Make us your home page

Today’s top headlines delivered to you daily.

(View our Privacy Policy)

Winds topple steeple at church on Nebraska Ave. just before pastor's installation

TAMPA — Benjamin Curry isn't due to be installed as the pastor of the Greater New Salem Primitive Baptist Church until Wednesday.

But as the church's de facto leader, Curry felt he should make sure the property on Nebraska Avenue had come through Hurricane Irma safely.

He barely saw any storm damage on the trip from his Brandon home so it was a jolt when he arrived to find that hurricane-force winds had ripped most of the steeple off the top of the church.

"I pulled up and I saw it. I was a little shocked to see it," Curry said. "But hey, we're grateful no one was inside of it."

The storm deposited a roughly 20-foot section of the steeple on the ground just in front of the church entrance. With the roof exposed, it also played havoc with the ceiling above the church's balcony, which now has a clear view through the steeple to the sky above. The pews underneath were littered with soggy ceiling tiles.

A builder who was passing stopped and gave Curry a free damage estimate. The cost of repair could be as much as $40,000, he was told.

The damage earned Curry a Monday morning visit from Mayor Bob Buckhorn, who was touring the city assessing the impact of the storm.

"This is the worst that I've seen," Buckhorn told Curry. "The wind normally goes around those things."

New Salem Primitive was founded in 1905 and held services in a one-room building on Ninth Street, according to a historical marker outside the church. The current church at 1605 Nebraska was built in 1969 and has about 125 members.

Curry, 45, moved here from Cleveland, Ohio, to run the church. He and Deacon Albert Wilson worked with volunteers to begin cleaning up the church Monday morning.

Despite the damage, there are no plans to cancel Wednesday's special service, when Curry will be officially installed as pastor. Sunday services will continue as normal, he said.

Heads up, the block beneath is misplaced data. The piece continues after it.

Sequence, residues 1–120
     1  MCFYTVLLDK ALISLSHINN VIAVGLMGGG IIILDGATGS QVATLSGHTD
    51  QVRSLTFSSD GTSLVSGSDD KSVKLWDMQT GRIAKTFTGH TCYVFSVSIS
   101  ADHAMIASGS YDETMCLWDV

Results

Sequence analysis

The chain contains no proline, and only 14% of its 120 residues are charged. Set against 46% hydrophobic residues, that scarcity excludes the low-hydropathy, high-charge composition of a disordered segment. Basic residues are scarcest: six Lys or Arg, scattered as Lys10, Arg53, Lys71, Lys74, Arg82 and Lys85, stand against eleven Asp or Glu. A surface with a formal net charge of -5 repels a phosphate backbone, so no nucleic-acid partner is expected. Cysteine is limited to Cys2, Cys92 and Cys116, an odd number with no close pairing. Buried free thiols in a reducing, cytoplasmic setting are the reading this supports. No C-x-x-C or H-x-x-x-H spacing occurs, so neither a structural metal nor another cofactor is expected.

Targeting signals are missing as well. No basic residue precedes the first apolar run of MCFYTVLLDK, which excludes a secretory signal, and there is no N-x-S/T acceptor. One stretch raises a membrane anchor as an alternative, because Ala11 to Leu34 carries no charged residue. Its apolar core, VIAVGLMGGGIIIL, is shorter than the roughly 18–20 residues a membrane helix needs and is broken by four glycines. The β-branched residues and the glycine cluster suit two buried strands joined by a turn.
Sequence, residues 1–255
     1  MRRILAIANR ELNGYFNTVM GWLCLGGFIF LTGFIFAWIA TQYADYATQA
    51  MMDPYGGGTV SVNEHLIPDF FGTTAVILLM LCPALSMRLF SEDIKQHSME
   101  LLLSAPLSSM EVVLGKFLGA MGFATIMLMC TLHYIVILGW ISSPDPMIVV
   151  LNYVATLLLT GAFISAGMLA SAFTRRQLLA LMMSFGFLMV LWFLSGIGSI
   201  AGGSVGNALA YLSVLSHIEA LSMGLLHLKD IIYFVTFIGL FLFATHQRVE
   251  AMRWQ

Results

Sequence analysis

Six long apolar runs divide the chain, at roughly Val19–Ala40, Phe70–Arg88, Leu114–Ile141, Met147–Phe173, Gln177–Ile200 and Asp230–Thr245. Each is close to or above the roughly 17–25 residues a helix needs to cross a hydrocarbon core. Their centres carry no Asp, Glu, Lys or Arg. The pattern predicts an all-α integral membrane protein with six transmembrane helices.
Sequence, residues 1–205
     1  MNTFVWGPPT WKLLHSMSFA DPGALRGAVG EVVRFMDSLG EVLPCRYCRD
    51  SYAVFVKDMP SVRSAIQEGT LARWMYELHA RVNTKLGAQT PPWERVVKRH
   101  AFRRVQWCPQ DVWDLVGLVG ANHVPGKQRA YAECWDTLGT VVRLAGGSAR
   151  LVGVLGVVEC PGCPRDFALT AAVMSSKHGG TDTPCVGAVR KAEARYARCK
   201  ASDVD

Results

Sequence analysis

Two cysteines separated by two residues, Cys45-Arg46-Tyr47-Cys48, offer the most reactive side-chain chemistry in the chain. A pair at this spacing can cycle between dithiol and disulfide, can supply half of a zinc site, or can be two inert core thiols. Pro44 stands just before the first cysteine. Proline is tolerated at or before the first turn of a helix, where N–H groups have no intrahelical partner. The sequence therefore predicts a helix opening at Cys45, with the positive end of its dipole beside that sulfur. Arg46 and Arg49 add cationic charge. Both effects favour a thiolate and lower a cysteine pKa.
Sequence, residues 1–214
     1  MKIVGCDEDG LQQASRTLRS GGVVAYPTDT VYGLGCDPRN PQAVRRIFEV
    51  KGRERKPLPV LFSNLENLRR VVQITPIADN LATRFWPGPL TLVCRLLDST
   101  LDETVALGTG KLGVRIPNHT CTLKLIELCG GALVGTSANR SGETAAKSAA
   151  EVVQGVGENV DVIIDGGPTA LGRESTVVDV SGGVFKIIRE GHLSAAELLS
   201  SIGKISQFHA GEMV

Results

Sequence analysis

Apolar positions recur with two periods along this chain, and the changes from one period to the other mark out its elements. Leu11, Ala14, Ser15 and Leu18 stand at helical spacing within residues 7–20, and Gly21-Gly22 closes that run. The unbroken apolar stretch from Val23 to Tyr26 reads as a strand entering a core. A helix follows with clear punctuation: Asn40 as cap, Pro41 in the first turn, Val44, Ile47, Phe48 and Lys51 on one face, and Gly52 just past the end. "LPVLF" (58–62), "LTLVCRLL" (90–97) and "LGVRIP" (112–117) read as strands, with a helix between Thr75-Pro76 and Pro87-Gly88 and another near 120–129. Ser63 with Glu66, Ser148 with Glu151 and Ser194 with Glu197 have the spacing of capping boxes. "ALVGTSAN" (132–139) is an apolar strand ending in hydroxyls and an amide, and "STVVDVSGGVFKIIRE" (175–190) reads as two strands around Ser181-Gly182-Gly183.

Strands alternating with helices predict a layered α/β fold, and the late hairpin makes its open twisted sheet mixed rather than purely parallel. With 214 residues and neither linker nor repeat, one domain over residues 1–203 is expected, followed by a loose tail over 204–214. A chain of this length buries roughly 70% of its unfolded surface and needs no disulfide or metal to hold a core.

"We're going to press our way through it," Curry said. "This will not deter us; we're here to do work."

Contact Christopher O'Donnell at [email protected] Follow @codonnell_times

Winds topple steeple at church on Nebraska Ave. just before pastor's installation 09/11/17 [Last modified: Monday, September 11, 2017 1:02pm]
Photo reprints | Article reprints

© 2017 Tampa Bay Times


Join the discussion: Click to view comments, add yours

  1. Roosevelt Blvd closed at I-275 after truck hauling crane hits overpass


    ST. PETERSBURG — A truck transporting a construction crane hit the Interstate 275 overpass at Roosevelt Boulevard Tuesday.

  2. One Pasco County student arrested for bringing weapons to school, another for threatening shooting


    Two Pasco County students from different schools were arrested Tuesday, one for having weapons on school grounds and the other for threatening a school shooting.

  3. It's official: Hillsborough high schools move to 8:30 a.m. start time, elementary schools to go earlier


    TAMPA — Hillsborough County high schools school will be in session from 8:30 a.m. to 3:25 p.m. starting in 2018-19, the School Board decided Tuesday in a 6-0 vote.

    The Hillsborough County School Board has decided to end a compressed bus schedule that caused an estimated 12,000 children to get to school late every day. Under the new schedule, high schools will start at 8:30 a.m. instead of 7:30 a.m. Elementary schools will start at 7:40 a.m. and middle schools at 9:25 a.m. [Times files]
  4. NFL players, owners hold 'constructive' talks on issues


    NEW YORK — NFL players and owners met Tuesday to discuss social issues, a session Miami Dolphins owner Stephen Ross called "constructive" and Colts defensive back Darius Butler termed "positive."

    A coalition of advocacy groups 'take a knee' outside of a hotel where members the quarterly NFL league meetings are being held on Tuesday in New York City.  Owners, players and commissioner Roger Goodell are all expected to attend. The activists spoke of having solidarity with athletes and coaches around the country who have also kneeled in protest of racial injustice, especially in policing.
 [Getty Images]
  5. The topic will be neighborhoods as Kriseman, Baker debate one more time


    ST. PETERSBURG — Mayor Rick Kriseman and former mayor Rick Baker will face off, possibly for the last time before the Nov. 7 election, in a candidate forum on Wednesday hosted by the influential Council of Neighborhood Associations.

    St. Petersburg Mayor Rick Kriseman, left, and former Mayor Rick Baker during a September forum. The two will will face off, possibly for the last time before the Nov. 7 election, during  a candidate forum at 7 p.m. Wednesday at the Sunshine Center, 330 5th St. N. [CHERIE DIEZ   |   Times]